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Gustavo - I love the basic ideas of this advice but am troubled by some specifics.

On Wed, Nov 17, 2010 at 5:15 AM, Gustavo Cebrian Garcia <g.cebria...@gmail.com> wrote:
Hello,
 
This is the strategy I use ( apart from being a really good psychologist and all those things you have already mentioned).
 
1-Use the intelligent question "Why not?" "  ( It is proven by studies it works )

Why is a potentially dangerous question, there is a high likelihood that it put the person being asked on the defensive. Asking What/When/Where questions help us achieve many of the same ends without the defensive reaction. Instead of "Why not", try "What do you think won't work with planning poker" or "Can you tell me what you think the problem is". We move the focus from the person to the problem.

 
2 Get on his/her side
and you say peacefully and quiet 
 
Anita: "Why not Martin? Did you have any problems, I heard people having problems, to be honest. What do you think we should do?"
( At this point, you are on the same side of the river "What do you think WE WE should do", but the problem is there to be investigated by Martin )
 
Martin "Well, we tried it and it did not work."
 
Anita "What should we do then, Tell me your experiences, I want to learn from you"
 
( Then, Anita asks more questions to really understand why it did not work )

This is another great technique but you must be very careful to be genuine. If the person has any reason to think you're not this approach can backfire. Again its all about the questions.

...

Many other good suggestions

Cheers
Mark

Mark Levison

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Nov 24, 2010, 9:54:03 PM11/24/10
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BTW here is a picture of the SCARF model: SCARF_Model.jpg

From a good summary of the model: http://www.edbatista.com/2010/03/scarf.html

Good luck

Gustavo Cebrian Garcia

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Nov 30, 2010, 12:48:07 PM11/30/10
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Mark,
 
Those are the principles, you need to do it carefully.  :-)
 
Gustavo.

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learnerplates

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Jan 4, 2011, 8:29:45 AM1/4/11
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Anita,
I have a similar problem.

We've been scrumming for the past couple of years and I as a
scrummaster am still getting resistance from at least one developer.
The developer has about 20yrs experience and has been in many
processes. he doesnt believe in Scrum, even though he attended the
same training as myself and the rest of the team.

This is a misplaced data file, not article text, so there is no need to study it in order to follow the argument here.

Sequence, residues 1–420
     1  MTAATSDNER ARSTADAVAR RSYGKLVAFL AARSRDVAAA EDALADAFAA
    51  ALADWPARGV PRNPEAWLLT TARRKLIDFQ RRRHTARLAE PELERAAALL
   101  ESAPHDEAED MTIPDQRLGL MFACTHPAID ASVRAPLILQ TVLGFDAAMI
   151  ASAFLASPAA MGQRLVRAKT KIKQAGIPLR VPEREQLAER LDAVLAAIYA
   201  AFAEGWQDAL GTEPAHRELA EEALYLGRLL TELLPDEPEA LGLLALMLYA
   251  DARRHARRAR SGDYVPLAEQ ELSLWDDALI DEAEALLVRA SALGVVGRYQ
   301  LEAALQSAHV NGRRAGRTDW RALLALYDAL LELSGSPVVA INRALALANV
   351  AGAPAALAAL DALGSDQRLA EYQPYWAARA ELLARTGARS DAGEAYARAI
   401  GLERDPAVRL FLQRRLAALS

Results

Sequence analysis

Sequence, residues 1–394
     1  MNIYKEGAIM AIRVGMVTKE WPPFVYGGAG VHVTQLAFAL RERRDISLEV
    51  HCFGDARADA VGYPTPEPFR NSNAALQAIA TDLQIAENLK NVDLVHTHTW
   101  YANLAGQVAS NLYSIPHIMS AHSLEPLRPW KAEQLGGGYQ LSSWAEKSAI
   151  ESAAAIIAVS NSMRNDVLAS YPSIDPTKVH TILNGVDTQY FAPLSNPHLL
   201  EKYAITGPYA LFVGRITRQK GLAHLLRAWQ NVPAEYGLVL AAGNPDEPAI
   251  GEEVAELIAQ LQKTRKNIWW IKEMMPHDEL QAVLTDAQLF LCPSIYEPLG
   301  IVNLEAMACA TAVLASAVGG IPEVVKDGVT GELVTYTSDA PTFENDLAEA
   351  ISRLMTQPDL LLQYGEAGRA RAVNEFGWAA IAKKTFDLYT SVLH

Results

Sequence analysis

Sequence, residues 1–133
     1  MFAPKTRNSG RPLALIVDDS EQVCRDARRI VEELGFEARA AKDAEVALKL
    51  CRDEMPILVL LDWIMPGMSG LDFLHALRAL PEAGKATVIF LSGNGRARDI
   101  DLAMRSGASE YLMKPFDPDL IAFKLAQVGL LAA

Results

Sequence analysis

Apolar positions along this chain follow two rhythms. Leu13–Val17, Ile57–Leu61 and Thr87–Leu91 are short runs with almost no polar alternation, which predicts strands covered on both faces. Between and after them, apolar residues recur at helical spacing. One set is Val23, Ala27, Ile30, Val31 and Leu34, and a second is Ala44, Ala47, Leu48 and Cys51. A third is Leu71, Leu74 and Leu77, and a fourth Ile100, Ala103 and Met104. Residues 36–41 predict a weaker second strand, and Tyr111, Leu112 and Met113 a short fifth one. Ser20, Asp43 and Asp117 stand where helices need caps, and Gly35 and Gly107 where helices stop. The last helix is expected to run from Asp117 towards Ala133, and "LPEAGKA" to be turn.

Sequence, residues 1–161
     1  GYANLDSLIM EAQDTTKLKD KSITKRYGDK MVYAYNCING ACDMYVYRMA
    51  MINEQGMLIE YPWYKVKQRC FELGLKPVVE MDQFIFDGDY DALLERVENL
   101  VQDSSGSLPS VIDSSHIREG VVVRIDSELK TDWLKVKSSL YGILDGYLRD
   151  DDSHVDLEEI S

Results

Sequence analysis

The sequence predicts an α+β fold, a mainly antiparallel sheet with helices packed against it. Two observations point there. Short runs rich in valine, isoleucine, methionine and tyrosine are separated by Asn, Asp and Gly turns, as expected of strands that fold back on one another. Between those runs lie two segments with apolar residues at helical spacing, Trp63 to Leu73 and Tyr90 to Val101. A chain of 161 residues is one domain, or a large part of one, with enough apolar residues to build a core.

consistently underestimates and then promises tasks will be complete
by lunchtime, they very rarely are, usually this continues for a
couple of days. I believe this is due to the lack of respect for scrum
and the dishonesty is a method of disrupting the process.
Weekly arguements over the usefulness of scrum and how it demeans the
engineering process by trivializing the technical tasks.

How can a scrumaster overcome this?

LP

Ron Jeffries

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Jan 4, 2011, 9:15:19 AM1/4/11
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Hello, learnerplates. On Tuesday, January 4, 2011, at 8:29:45 AM,
you wrote:

> How can a scrumaster overcome this?

Here is some advice that Kent Beck gave on this topic:

1. Sit down with the developer and explain the impact of his actions
on the team. Ask him to improve.

2. If no improvement, sit down with the developer and explain again
the impact of his actions on the team, and the impact on himself if
he does not improve.

3. If no improvement, implement the impact described above.


If I were convinced, as you seem to be, that this developer is
sabotaging the process, I'd discuss it with him at length. If the
behavior continued, I would remove him from the team.

Ron Jeffries
www.XProgramming.com
Now -- Bring me that horizon. -- Captain Jack Sparrow

nela

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Jan 4, 2011, 11:15:01 AM1/4/11
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Hi everyone, from a scrum master that once was - Long time no see !!
As I had my fair share of disruptive team members... ... ...
Two disruptive and non-cooperative developers existed also in my team
some time ago, and when I suggested to the team that we continue
without them, they willingly left with a sigh of relief. (One of them
left the whole company after he used up his holiday time). However -
and this is very important - it did not improve the teams performance.
The team is now steady but slow. They wanted another scrum master,
they got the one they wanted, but I from the outside do not see the
improvement. There is one, sorry - they dont argue any more. They
enjoy. It is like they reached the speed of how they want to work,
they seem to be self-organising, but they are terribly slow. They have
already been working on one web-application for about 1 year, and just
now "promised" they will finish by the end of 2011. That is 2 years.
For me, as a project manager, it is still hard to believe they will
ever finish. But I had to put something on paper and it was accepted
by managers... And if I do not believe in the team, who will ? The
logical answer would be: they believe in themselves. But, looking from
the outside - they are just passing the time and doing their 8 hours
work waiting for the next holiday time round the corner.

To get the managers to accept prolongation and increased effort, is
easy, compared to trying to really believe that this application will
be up and running by Nov.2011 so we can all enjoy Christmas2011 !!

So, to come back to the subject : from this experience I can say -
removing a disruptive team member from the team may make the team
happier, but it may not make them more efficient.

Nela.